A Book By P. D. Alleva
In the opening chapters of The Rose by P.D. Alleva, readers are sent headfirst into an oppressive hellscape of a world consumed by the fires of yet another worldwide war referred to as World War 3. The main belligerents of this conflict are, of course, The United States, Russia, and China, which if one were keeping track of the geo-political landscape of the world as we speak, doesn’t seem too far off from reality. With the world in ruin, any survivors are forced to go underground to a world that until that very moment was pure speculation or the rantings of guys in tinfoil hats. It seems our largest cities lay on top of huge subterranean complexes that house aliens, yep you heard me right, aliens. The world governments have known and actively hidden this secret world from the general populace for a long time, but it appears that it’s time to try to integrate the two societies “for the protection of all”. To make matters much worse, some of these aliens thirst for human blood! Perhaps the protection needed was not for the warring world governments after all, perhaps it should have been from a threat within.
This is the world created for this book, a setting that isn’t 100% groundbreaking, but comes across pretty interesting simply because of how the author plays around with genre tropes and creates his own hybrid of action, thrillers, science fiction, and horror. Alleva taps into many ideas that permeate day-to-day political discourse such as rising infertility rates, international wars, conspiracy theories, and even your tried and true xenophobia to anchor this in our modern world pretty well. If you enjoy books that read in a more “cinematic” way, especially ones that are great for small chapter reads (such as one a night before bed), The Rose by P.D. Alleva keeps the reader on their toes throughout.
“Aliens do exist. Vampires too. And in this dystopia, Alien Vampires exist. In the aftermath of WW3, vampires from Hollow Earth have secretly forged an alliance with alien grays and the human elite to subjugate the human population in a quest for interstellar domination. Phase One of their diabolical plan is to destroy their greatest threat: The human genome. Now humanity is forced into reprogramming camps. Forced to endure genetic manipulation, torture, and vile psychological experiments. But from the depths of time an age-old enemy challenges the vampire’s dominion. This evolved human rebellion is trained in the ancient alien practices of mind and body. Armed with The Blades, a sacred alien martial arts weapon, and wielding the metaphysical superpower known across the universe as The Rose, the rebellion seeks to stab at the heart of the evil triad, and usher in a new age of evolution. When battling Alien Vampires, one thing is certain…Get Ready To Bleed! Fans of Dune, Annihilation, Gideon the Ninth, The X-Files, and Ancient Aliens will be fascinated by this pulse pounding, jaw dropping, scifi fantasy thrill ride.”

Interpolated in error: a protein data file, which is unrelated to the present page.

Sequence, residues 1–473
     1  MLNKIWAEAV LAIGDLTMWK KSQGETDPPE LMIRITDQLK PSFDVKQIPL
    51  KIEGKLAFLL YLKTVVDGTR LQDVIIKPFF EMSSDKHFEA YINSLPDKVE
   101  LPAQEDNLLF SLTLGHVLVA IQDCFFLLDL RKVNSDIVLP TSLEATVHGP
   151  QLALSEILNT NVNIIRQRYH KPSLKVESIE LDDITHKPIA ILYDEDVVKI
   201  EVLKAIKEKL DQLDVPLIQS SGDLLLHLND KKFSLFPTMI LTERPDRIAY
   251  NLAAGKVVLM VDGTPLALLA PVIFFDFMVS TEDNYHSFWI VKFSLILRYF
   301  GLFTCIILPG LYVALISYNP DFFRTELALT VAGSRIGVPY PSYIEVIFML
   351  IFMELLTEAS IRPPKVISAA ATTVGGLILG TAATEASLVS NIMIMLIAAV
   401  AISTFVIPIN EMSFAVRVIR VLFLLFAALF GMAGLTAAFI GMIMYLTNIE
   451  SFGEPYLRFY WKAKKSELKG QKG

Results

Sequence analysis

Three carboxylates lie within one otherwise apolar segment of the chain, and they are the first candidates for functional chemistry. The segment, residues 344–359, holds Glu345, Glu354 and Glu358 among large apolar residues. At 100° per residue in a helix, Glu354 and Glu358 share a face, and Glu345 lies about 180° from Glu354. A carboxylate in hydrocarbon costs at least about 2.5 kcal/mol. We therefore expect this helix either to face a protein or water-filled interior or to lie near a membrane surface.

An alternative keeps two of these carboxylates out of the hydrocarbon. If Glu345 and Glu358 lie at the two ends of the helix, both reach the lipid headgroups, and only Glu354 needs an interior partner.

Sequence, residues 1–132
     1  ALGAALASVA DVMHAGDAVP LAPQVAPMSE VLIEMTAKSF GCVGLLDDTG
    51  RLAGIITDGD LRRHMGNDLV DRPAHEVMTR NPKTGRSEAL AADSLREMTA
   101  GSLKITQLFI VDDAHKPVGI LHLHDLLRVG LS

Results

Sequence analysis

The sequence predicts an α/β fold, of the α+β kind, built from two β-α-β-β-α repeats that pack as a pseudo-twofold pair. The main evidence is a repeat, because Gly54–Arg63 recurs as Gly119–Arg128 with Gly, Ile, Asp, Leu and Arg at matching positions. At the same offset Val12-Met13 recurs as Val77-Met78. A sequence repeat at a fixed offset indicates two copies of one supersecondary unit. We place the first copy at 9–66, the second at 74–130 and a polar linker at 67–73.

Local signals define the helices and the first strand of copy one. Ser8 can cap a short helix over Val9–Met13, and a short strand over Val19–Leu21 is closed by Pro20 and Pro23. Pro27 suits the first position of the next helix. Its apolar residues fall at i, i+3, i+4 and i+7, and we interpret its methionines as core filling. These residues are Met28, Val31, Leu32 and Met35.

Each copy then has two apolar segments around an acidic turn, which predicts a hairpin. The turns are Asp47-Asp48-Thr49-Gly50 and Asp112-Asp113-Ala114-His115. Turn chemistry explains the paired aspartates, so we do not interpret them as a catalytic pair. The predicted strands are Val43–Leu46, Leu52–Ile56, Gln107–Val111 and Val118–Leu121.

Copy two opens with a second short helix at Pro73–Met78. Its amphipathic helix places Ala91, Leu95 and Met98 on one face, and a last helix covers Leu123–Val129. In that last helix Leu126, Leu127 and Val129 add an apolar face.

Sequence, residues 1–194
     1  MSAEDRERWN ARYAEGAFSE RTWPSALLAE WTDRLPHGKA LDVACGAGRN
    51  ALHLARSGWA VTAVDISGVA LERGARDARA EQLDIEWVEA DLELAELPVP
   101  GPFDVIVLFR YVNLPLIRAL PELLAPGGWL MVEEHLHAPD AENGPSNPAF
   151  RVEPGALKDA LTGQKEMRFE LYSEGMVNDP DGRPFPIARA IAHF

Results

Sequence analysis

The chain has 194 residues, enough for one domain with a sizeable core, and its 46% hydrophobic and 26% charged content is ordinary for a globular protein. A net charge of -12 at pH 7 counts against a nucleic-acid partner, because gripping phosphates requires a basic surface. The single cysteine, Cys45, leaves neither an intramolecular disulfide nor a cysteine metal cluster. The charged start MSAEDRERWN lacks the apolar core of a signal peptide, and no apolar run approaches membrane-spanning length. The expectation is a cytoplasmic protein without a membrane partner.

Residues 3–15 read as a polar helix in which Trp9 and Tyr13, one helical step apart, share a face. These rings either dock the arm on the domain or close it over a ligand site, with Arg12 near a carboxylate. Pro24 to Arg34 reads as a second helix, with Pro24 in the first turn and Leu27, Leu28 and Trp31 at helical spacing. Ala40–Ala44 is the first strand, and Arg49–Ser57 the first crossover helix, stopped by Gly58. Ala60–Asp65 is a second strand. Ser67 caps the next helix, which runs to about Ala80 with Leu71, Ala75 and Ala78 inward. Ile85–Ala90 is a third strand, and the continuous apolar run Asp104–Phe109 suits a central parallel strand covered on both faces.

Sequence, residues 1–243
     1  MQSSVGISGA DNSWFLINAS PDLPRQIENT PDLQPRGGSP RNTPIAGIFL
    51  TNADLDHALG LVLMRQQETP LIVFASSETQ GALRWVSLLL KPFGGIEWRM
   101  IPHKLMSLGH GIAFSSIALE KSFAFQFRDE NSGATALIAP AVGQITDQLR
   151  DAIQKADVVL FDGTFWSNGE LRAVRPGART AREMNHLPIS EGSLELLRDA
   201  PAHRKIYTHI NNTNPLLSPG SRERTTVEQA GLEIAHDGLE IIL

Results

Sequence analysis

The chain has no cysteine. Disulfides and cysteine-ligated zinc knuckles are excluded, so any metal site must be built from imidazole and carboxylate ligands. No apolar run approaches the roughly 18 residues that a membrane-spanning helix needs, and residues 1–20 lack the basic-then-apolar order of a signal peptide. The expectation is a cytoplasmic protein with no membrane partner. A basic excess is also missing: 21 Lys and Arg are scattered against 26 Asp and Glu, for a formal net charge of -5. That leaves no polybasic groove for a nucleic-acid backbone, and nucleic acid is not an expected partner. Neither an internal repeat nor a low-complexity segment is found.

Speaking of vampires, I appreciate this book trying to do something different with the old literary and folkloric concept of a “vampire”. Rather than just changing superficial things, this race (known as “Dracs”) is well-fleshed out. For an example of what I don’t like, I’ve seen fiction where the story relies on a trope such as “Imagine if there was Vampires, BUT THEY COME OUT DURING THE DAY!!!!”. Instead of falling into that trap, vampires are inserted into the narrative in a way that gives them agency and their own character. I’ve quite enjoyed the recent concept of “a space vampire”, something that has been popping up a lot in various media, or stuff that I like reading at least. Recently, I listened to an audio drama called Impact Winter that featured the idea, as well as a series I should read again from Miguel Connor called The Dark Instinct series. I guess one could look back as far as old Buck Rogers episodes for the concept, but these recent works of fiction perfect it, and The Rose by P.D. Alleva is no exception.
Gorehounds will likely enjoy this book quite a bit, as Alleva particularly excels in describing the grizzly ways as to which The Dracs dispatch their enemies as well as their human food sources. Early on, there’s a scene where a vampire attacks a man in a way that I can best describe as “getting blood from a human Pez Dispenser” that really sets the tone moving forward. Everything is extremely violent and vividly described, something that would be commonplace in a horror novel, but is fairly shocking in a science fiction book. It’s a testament as to why this merger of genres works so well.
My only real issue with this book is that it honestly could have benefitted from another pass of editing before release. There’s a few clunky sentences and some typos, but for the most part everything reads well and the wild ideas that Alleva has put into the narrative makes up for it. These issues dissipate pretty early into the book, or I got used to his style as I was reading, I’ve read and enjoyed books with far more issues. Either way, it’s an easy read that plays out somewhat like you are reading a TV/film treatment in many ways. I mentioned that the book was written in a cinematic manner earlier, and I hold to the idea that this would make an excellent blueprint for either a TV show or a graphic novel at some point.
The Rose by P.D. Alleva is the first book in a series by this author, and this book has held my interest enough that I will definitely try to read the next installment. It mixes many genres such as horror, science fiction, thrillers, and war novels in such a way that you’d be hard-pressed to find another book quite like it anywhere else. It’s not a perfect boo by any means, but the story, characters, and setting are interesting enough that most casual fans of the above genres will undoubtedly enjoy the ride. If you are looking for Underworld meets Terminator or somesuch, this may just be the next book you should check out!